November 12

November 12

Woke to the promise of a sunny day. The wind had been howling all night and still at full force in the morning. A walk to the beach was invigorating - sun rising behind me, sand blowing in my face. All settled down by late morning, so headed out to Lacken Bay to paint. (I had scoped it out on an earlier day) 

 

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November 13

Rainy as i turned left in town and walked up the hill outside of town. Definitely reinforced my desire for the sea. I feel much more at peace with a horizon line at sea level. Was ready to paint all day but the rain had a different plan for me. 

All set up ready to go...

All set up ready to go...

oil doesn't like the rain

oil doesn't like the rain

So Plan B. Tulip and I rode the county roads, looking for sketching locations. Found a few places on back roads and sketched looking out my window.

 

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November 14

 

Well, I awoke today with a brand new outlook about my new best friend, Aimsir (Gaelic for weather). My terrier self was determined to push forward but I realized that I needed to court this Aimsir. Let him lead the dance.  With my shift in attitude, we waltzed through the day beautifully

First location, my-go-to place, Bunatrahir Bay, 2 km from town. Forget the easel. I will work out of the back of the car. (A nice carpenter, working at the adjacent cottage, cut me a 32 x 40 inch plywood board out of scraps). It's perfect. The paper and paint is protected and I get to stay outside and work.

 

 

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you know the drill, first I sketch

you know the drill, first I sketch

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Changed format to 6 x 6. Adding notes as I paint. Everything is so expansive, my 4 x 6 marsh format just can't capture the experience. Next location, back to a country road for the early afternoon.

I landed here and starting painting an oil sketch. (right below) What I thought was a mountain through the distant fog became the sea when the fog and mist lifted. You can feel the blue of the sky before you can see it.

I landed here and starting painting an oil sketch. (right below) What I thought was a mountain through the distant fog became the sea when the fog and mist lifted. You can feel the blue of the sky before you can see it.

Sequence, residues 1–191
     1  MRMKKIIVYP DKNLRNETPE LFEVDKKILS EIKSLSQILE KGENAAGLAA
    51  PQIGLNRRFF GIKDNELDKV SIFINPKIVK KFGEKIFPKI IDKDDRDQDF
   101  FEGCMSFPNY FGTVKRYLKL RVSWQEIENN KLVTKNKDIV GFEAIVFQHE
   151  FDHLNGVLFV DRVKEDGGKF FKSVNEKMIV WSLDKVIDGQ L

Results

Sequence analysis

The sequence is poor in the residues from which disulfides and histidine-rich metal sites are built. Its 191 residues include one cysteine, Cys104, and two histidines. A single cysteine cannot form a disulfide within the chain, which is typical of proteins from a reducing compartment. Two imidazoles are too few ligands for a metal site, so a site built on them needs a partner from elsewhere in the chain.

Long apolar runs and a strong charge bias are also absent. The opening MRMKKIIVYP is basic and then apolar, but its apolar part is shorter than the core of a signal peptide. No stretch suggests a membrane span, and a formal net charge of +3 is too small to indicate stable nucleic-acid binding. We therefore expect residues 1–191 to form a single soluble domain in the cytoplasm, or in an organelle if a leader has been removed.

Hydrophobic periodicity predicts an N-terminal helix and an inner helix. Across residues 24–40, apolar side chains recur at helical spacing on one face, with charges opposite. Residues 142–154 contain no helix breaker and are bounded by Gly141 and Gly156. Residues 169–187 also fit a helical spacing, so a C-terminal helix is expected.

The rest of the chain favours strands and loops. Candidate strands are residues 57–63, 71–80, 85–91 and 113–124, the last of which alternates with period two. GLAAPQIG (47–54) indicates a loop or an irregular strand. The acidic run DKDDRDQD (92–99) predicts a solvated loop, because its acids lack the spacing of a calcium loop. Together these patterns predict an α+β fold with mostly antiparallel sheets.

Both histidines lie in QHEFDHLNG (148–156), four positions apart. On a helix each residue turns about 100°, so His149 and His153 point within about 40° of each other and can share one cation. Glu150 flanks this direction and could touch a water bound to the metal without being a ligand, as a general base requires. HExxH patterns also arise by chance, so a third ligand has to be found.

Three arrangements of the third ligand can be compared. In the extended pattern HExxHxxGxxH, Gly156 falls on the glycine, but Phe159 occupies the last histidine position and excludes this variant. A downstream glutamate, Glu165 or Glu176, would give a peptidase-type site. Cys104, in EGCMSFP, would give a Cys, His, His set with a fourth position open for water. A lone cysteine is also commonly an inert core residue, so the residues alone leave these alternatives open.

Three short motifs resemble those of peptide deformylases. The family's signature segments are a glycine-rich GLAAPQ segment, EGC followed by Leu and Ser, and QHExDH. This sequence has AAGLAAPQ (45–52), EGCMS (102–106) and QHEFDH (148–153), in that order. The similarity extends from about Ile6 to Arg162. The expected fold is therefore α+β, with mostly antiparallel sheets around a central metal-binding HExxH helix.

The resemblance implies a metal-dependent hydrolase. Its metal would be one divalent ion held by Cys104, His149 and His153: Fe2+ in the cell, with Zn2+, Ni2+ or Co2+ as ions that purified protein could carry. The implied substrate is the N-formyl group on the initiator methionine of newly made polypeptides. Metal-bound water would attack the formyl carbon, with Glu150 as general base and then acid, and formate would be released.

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I worked from the top sketch (lower one was to my left)

I worked from the top sketch (lower one was to my left)

Colors are a little heavy handed ( what a surprise! Ha) and not realistic, I will continue working on capturing the Irish soft weather- (Aimsir bog in Gaelic) I am not looking for a likeness but rather a felt response to the landscape. Hard to see but in the top image, but I promise I saw a stand of autumn trees in there somewhere!

Colors are a little heavy handed ( what a surprise! Ha) and not realistic, I will continue working on capturing the Irish soft weather- (Aimsir bog in Gaelic) I am not looking for a likeness but rather a felt response to the landscape. Hard to see but in the top image, but I promise I saw a stand of autumn trees in there somewhere!

November 15

Today marks my first full week at Ballinglen Arts Foundation. Decided to take the train to Dublin to see a few museums. First stop was to see  Lucian Freud at IMMA (Irish Museum of Modern Art). The exhibition, IMMA Collection: Lucian Freud Project 2016-2021 featured 50 works. Also on view, to my delight was William Crozier: The Edge of the Landscape , a major retrospective of the Scottish-born, Irish artist  (1930-2011). Hodges Taylor had the pleasure of selling his prints years ago. Now that I am familiar with the Irish coast, I am even more of a fan!
 

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Next stop was the Sean Scully Gallery at the Hugh Lane. ( I keep a few of his catalogues on my bedside table) Great collection but unfortunately the skylight was broken so didn't get the see the work in natural light. A dull yellow haze fell over the room. The work suffered.

 

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Enjoyed viewing a survey of Irish painters and a rather bizarre installation of Francis Bacon's studio.  At the end of the day, my favorite image was found in the children's exhibition room. This delightful "tee-shirt" by a young child summed up my day - a little Sean Scully with the sophisticated wit of William Crozier.

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